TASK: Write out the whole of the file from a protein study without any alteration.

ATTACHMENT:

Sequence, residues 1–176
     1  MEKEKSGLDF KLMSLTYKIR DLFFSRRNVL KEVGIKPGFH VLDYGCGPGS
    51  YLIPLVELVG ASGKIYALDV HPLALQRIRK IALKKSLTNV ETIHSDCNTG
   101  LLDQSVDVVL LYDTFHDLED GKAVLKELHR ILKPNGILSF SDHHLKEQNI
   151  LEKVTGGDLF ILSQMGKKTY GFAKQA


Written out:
Sequence, residues 1–176
     1  MEKEKSGLDF KLMSLTYKIR DLFFSRRNVL KEVGIKPGFH VLDYGCGPGS
    51  YLIPLVELVG ASGKIYALDV HPLALQRIRK IALKKSLTNV ETIHSDCNTG
   101  LLDQSVDVVL LYDTFHDLED GKAVLKELHR ILKPNGILSF SDHHLKEQNI
   151  LEKVTGGDLF ILSQMGKKTY GFAKQA